Up, and being mightily pleased with my night’s lodging, drank a cup of beer, and went out to my office, and there did some business, and so took boat and down to Woolwich (having first made a visit to Madam Williams, who is going down to my Lord Bruncker) and there dined, and then fitted my papers and money and every thing else for a journey to Nonsuch to-morrow. That being done I walked to Greenwich, and there to the office pretty late expecting Captain Cocke’s coming, which he did, and so with me to my new lodging (and there I chose rather to lie because of my interest in the goods that we have brought there to lie), but the people were abed, so we knocked them up, and so I to bed, and in the night was mightily troubled with a looseness (I suppose from some fresh damp linen that I put on this night), and feeling for a chamber-pott, there was none, I having called the mayde up out of her bed, she had forgot I suppose to put one there; so I was forced in this strange house to rise and shit in the chimney twice; and so to bed and was very well again, and…

I drank a beer and went off
on everything

no one expecting me
to lie to the people

I was loose
I put on feeling

called up for this strange use
to shit in the well

Erasure poem derived from The Diary of Samuel Pepys, Thursday 28 September 1665.

The Hollow (6)

This entry is part 6 of 48 in the series The Hollow


they must love the milk
that makes them so bad-tasting

milkweed bugs


memorial bench

all the young trees
it shelters now


the fog still lingers
in a funnel spider’s web

deertongue grass


the “creep” in “creeper”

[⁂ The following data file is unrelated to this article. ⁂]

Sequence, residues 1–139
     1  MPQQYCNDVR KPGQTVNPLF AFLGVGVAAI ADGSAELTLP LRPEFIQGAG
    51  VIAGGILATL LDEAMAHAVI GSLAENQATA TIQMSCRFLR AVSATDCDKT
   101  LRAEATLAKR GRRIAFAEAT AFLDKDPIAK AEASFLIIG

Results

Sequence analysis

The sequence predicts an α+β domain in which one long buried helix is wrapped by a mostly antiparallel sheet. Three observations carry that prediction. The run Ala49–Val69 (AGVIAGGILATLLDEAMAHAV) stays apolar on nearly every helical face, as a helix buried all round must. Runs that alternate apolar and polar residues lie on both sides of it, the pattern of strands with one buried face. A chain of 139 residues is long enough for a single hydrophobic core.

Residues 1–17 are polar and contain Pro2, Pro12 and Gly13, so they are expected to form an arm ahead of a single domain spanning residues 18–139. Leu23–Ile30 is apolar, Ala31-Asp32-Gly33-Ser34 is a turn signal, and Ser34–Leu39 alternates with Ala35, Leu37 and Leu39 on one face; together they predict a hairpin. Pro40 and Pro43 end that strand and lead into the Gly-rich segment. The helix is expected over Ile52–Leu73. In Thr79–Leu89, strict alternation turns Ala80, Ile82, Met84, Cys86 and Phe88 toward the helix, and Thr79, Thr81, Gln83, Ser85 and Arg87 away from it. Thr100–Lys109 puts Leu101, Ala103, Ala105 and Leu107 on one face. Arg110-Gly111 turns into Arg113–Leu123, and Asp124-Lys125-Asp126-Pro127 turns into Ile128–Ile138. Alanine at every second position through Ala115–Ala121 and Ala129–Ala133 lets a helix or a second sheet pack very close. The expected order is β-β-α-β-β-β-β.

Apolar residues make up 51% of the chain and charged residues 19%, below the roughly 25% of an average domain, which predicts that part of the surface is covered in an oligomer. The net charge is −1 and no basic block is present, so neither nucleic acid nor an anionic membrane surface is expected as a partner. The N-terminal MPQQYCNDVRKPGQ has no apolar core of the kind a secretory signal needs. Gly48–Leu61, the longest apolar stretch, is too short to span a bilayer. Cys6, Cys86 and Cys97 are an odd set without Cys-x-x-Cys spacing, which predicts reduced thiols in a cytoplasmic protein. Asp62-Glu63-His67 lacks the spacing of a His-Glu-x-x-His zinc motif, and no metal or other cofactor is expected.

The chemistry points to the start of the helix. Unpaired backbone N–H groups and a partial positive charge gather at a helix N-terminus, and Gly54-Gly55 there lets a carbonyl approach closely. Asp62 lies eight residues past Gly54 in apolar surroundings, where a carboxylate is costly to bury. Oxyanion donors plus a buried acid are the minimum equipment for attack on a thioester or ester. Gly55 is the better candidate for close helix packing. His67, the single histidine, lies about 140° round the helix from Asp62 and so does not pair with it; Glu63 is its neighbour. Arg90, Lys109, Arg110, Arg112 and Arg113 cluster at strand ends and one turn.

battened to a locust trunk
by a thousand tentacles

“If they can kiss you, they can kill you”

~ after Marcelo Hernandez Castillo

They can tell you that you need
to dismantle what they’ve just

watched you build. One by one,
every last beam and board.

The square of concrete laid
on the earth. And after you’ve

done what they want, they can still
slap another fine on top of that.

History is a long record of the same
words stacked from a common playlist.

Farmers in bean and garlic fields, men
sorting fish in canneries. You’re told

nothing hums in the desert though you’ve
coaxed green to life with your brown hands.

Nothing blinks in the sky, not even the god
of water— so you dig your own wells

even in the throes of death. But first
the heel of a spade is a spoon is a one-

way ticket to some part of the world
you’re allowed to shine with your spit.


Up, and saw and admired my wife’s picture of our Saviour, now finished, which is very pretty. So by water to Greenwich, where with Creed and Lord Rutherford, and there my Lord told me that he would give me 100l. for my pains, which pleased me well, though Creed, like a cunning rogue, hath got a promise of half of it from me. We to the King’s Head, the great musique house, the first time I was ever there, and had a good breakfast, and thence parted, I being much troubled to hear from Creed, that he was told at Salsbury that I am come to be a great swearer and drinker, though I know the contrary; but, Lord! to see how my late little drinking of wine is taken notice of by envious men to my disadvantage. I thence to Captain Cocke’s, [and] (he not yet come from town) to Mr. Evelyn’s, where much company; and thence in his coach with him to the Duke of Albemarle by Lambeth, who was in a mighty pleasant humour; there the Duke tells us that the Dutch do stay abroad, and our fleet must go out again, or to be ready to do so. Here we got several things ordered as we desired for the relief of the prisoners, and sick and wounded men. Here I saw this week’s Bill of Mortality, wherein, blessed be God! there is above 1800 decrease, being the first considerable decrease we have had.